This was my grandparents’ place. They built it on weekends, closing their neighborhood bar in New Orleans and driving through the swamp across the little bridge to Slidell, taking a left on 190 to Mandeville. The 24-mile Causeway was not built yet, so this was the only way to arrive by car. My mother remembers the lake breezes and the quiet along the way. By the time I was around, my grandparents had lived there for some years in a little white box of a house, complete with a “mud room” which doubled as the kids sleeping area when we visited and tripled as my grandfather’s workroom. You might wake up to him working quietly at his counter on a plug or hear the screen door bang as he went through to outside. The land was cultivated with native trees and foliage by my grandmother. She’d wear dirty white boots and a work shirt of my grandfathers while outside, happily pruning and planting.
My mother took care of her parents until they died, still living there. She had no intention of moving in and yet was adamant that it not be sold. So, her retired husband would happily spend 3-4 days of work and rest there. After he died, it became my responsibility and at first, it was awkward to be among my very private grandparents’ things. I lived on top of it all, packing all of my things up each time to take with me. After a few months, I began to leave my books, painting rooms and moving furniture.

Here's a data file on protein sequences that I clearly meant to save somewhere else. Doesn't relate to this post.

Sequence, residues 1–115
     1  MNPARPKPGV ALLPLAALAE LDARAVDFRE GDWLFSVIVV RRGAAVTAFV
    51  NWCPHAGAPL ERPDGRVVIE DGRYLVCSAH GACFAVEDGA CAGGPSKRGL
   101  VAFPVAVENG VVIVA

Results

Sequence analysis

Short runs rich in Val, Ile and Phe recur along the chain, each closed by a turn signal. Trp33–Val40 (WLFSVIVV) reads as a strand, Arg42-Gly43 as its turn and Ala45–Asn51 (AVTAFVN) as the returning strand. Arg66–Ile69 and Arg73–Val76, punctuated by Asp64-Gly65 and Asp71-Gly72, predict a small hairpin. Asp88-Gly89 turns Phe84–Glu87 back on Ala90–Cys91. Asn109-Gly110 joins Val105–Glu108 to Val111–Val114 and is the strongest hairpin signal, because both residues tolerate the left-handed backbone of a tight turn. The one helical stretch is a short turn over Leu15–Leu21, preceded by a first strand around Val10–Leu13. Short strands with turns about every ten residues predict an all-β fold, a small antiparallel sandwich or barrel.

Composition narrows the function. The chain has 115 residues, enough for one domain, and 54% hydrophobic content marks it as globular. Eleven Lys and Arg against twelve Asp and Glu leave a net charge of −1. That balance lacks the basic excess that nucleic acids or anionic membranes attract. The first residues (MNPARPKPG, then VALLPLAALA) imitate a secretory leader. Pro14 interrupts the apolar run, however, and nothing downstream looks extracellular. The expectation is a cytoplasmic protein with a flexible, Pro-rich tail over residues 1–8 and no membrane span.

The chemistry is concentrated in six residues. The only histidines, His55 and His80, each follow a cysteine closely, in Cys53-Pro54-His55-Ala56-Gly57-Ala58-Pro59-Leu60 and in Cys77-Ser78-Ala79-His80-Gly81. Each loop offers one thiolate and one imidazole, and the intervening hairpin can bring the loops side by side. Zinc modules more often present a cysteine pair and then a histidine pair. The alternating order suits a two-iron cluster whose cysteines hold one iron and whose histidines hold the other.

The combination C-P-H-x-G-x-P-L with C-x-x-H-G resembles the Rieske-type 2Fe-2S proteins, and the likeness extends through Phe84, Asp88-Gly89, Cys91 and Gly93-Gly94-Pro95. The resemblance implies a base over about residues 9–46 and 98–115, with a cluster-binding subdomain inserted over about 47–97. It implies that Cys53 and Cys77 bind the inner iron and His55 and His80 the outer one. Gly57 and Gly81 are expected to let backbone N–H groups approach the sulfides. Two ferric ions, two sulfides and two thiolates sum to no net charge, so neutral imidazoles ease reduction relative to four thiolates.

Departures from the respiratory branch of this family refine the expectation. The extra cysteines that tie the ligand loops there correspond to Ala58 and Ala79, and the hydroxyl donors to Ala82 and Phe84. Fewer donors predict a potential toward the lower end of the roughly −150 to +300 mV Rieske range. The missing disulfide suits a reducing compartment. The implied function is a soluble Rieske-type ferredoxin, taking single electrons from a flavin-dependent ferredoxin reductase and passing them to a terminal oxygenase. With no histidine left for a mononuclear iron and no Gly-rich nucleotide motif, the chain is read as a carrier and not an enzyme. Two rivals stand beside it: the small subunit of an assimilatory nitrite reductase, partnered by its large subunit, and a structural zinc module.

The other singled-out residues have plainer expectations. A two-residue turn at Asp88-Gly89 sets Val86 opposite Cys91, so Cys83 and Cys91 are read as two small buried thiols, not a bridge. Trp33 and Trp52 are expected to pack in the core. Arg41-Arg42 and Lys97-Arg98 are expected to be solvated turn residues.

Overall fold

I now love it and while there, feel the connection to my family as I have never felt, even in their actual presence. My dog, Maddie, spent her last days there off that hated leash and lounging in the grass under the olive tree, as due a dog of her years and temperament.
My grandparents’ plates and plants and tools are now mine and incorporated with my nomadic collection of items. I hope this place lives past me and new belongings added with comfort extended to another generation.